GSMA, the global trade body representing the mobile industry, called on Bangladesh to issue 3G licences soon to make broadband services more widely available. Licensing the 2100 MHz spectrum band for 3G services would enable Bangladeshi operators to launch mobile broadband services, which their customers can use to gain fast and easy access to the Internet and online services, it said on Wednesday. Bangladesh’s mobile sector has grown rapidly, with user numbers reaching more than 45 million at end-September from 200,000 in 2001, while the country has only 1.32 million fixed-line phones. “Laying new fixed-line connections is expensive and inefficient, so high-speed mobile networks are Bangladesh’s best bet to realise the many social and economic benefits that arise from widespread access to broadband services,” said Ricardo Tavares, senior vice president for public policy at the GSMA.
When he built Parakrama Samudraya a millennium ago, King Parakramabahu the great did not have to depend on the Internet. How lucky! Had it been so, he would have achieved few great feats. The pitiable Broadband services at Polonnaruva looked as if we have not made any advances since the days of the Great King. Both SLT and Dialog boast about their island wide networks.
Dialog Telekom, Sri Lanka’s leading mobile communications service provider announced the launch of its 3G/HSPA service in Manipay Jaffna following the setting up of the 530th 3G Base Station in Manipay, Jaffna. Dialog Telekom earns the distinction of being the first mobile service provider to provide 3G services in Jaffna. Dialog 3G will deliver the unique communication channel of video calling to customers in Jaffna who will now be able to have face to face conversations with their loved ones locally and internationally. Read the full story in Daily Mirror here.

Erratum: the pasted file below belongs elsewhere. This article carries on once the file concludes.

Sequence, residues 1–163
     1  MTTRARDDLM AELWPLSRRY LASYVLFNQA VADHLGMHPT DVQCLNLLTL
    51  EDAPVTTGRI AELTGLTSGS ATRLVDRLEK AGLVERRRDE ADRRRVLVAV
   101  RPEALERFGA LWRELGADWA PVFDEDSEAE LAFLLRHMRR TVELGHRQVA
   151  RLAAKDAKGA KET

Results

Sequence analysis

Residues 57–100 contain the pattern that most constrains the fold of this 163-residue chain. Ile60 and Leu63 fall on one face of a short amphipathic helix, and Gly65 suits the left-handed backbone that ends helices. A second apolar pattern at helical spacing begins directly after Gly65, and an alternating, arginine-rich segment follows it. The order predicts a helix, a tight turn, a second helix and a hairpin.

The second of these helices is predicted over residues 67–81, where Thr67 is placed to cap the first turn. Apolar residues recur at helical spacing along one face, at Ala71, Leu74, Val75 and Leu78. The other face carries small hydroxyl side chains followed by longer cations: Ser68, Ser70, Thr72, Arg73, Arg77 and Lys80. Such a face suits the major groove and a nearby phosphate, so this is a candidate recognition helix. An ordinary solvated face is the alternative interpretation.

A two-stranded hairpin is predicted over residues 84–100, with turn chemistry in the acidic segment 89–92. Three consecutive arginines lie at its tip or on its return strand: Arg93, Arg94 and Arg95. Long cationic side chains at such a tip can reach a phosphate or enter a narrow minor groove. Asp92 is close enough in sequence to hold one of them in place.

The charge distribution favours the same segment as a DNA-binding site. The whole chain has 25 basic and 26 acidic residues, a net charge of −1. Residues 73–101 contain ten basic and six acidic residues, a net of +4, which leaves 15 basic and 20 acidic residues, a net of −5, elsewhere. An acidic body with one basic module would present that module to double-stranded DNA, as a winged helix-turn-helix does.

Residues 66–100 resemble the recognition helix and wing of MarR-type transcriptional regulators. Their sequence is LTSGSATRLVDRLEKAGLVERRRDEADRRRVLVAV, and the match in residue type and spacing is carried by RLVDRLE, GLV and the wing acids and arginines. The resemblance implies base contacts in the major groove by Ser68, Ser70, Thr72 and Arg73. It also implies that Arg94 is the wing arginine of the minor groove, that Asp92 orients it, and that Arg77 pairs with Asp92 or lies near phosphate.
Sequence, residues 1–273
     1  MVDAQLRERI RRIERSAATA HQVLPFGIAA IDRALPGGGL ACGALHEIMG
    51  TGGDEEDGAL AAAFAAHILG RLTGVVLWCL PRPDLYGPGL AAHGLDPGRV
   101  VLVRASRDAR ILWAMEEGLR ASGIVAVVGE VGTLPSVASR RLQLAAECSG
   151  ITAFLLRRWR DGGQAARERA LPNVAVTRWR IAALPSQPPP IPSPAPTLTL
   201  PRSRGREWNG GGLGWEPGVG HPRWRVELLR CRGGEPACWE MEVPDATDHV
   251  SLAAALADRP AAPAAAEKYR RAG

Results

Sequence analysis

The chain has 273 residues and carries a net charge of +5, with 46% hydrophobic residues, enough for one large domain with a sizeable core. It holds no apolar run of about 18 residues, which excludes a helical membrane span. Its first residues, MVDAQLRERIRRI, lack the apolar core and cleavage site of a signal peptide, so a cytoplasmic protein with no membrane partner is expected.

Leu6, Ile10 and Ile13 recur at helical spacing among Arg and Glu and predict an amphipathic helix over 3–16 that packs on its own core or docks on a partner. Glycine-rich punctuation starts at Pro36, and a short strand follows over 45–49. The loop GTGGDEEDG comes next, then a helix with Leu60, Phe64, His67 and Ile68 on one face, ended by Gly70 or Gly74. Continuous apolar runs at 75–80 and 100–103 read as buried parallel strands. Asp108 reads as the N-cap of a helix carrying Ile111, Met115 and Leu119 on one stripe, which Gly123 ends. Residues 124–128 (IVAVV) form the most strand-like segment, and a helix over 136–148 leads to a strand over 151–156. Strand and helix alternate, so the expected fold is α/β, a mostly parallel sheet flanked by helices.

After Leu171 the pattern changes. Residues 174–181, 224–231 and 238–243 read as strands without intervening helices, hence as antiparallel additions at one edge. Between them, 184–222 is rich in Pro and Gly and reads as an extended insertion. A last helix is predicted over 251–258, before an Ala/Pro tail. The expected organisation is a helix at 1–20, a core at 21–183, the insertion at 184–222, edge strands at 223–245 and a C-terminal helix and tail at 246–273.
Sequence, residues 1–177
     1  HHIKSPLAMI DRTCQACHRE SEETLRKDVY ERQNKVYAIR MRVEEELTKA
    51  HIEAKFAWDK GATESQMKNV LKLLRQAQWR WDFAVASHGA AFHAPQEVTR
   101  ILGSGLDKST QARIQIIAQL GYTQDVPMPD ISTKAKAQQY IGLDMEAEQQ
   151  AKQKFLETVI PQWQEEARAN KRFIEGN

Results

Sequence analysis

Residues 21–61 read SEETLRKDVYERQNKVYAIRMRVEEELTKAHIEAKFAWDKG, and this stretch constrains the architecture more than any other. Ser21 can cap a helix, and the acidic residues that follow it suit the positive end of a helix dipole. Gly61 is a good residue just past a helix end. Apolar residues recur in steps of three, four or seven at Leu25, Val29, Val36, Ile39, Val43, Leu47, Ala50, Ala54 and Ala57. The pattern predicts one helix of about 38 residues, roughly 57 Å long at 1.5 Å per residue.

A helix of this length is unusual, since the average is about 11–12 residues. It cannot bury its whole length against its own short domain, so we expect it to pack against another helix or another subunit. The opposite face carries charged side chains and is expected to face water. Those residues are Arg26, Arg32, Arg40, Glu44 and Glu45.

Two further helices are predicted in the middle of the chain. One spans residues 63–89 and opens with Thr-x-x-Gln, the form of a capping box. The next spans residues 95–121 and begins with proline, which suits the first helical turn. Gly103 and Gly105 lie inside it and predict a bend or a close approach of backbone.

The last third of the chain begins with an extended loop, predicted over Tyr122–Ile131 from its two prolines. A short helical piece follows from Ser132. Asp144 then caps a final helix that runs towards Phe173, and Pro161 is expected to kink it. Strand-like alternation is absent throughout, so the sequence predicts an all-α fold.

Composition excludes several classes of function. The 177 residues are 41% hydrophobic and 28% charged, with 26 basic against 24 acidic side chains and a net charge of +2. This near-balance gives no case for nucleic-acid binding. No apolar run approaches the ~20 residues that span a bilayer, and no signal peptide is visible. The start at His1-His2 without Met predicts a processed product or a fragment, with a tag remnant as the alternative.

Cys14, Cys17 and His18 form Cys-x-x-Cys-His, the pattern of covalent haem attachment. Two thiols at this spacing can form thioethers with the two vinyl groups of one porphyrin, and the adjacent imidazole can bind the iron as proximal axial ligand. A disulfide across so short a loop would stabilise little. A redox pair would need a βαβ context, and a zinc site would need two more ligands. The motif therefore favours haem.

Indo-Asian News Service (IANS) Indian telecom giant Bharti Airtel, which had announced its entry into the Sri Lankan mobile phone sector with much fanfare last year, is experiencing delays and may well be re-drawing its investment plans for the island country, says a Sri Lankan telecommunication expert. Rohan Samarajeewa, former head of Sri Lanka’s Telecommunication Regulatory Commission (TRC), told IANS that while there was no doubt that Bharti Airtel was committed to operating in Sri Lanka, it had altered its timetable and could well be scaling down its original investment plans. The reasons for the delay in starting the operations were in the realm of speculation, Samarajeewa said. But he did point to a possibility of difficulties in getting frequencies from the TRC, as it is generally recognized that the allotment of frequencies tends to be “highly politicised” in Sri Lanka. The parent company in India could also be changing its priorities as regards capital allocations, in the context of the growing challenges in the more lucrative Indian domestic market, Samarajeewa said.
In yet another blow to the existing GSM operators, the Communication Ministry has decided to auction spectrum for third generation (3G) mobile services and wireless broadband services through technologies such as Wi-Max. The auction will be open to new companies wanting to foray into the telecom sector as well as established foreign telecom players. The existing operators had wanted the auction for 3G services to be limited to the licence holders. The Ministry’s decision to open up the bidding to all players is also a move away from the telecom regulator’s recommendations that it be restricted to existing operators. The move gives a chance to the likes of Deutsche Telecom, AT&T and new Indian players such as Unitech and Hindujas, which may not get spectrum in the 2G band given the huge rush, to enter the high growth telecoms market.
Deploying W-CDMA 850 to cannibalise the CDMA mobile as well as to launch 3G without having the so called “3G license” is on the move. Telstra (Australia) and Vivo (Brazil) have done it quite well. Now the French telecoms regulator has approved plans to allow the incumbent GSM network operators to reuse their 900Mhz bands for 3G services. ART has also announced that any 3G new entrant authorised following the application procedure for the fourth UMTS licence would also have access to the 900 MHz spectrum once it has been returned by the existing 2G operators. Read more.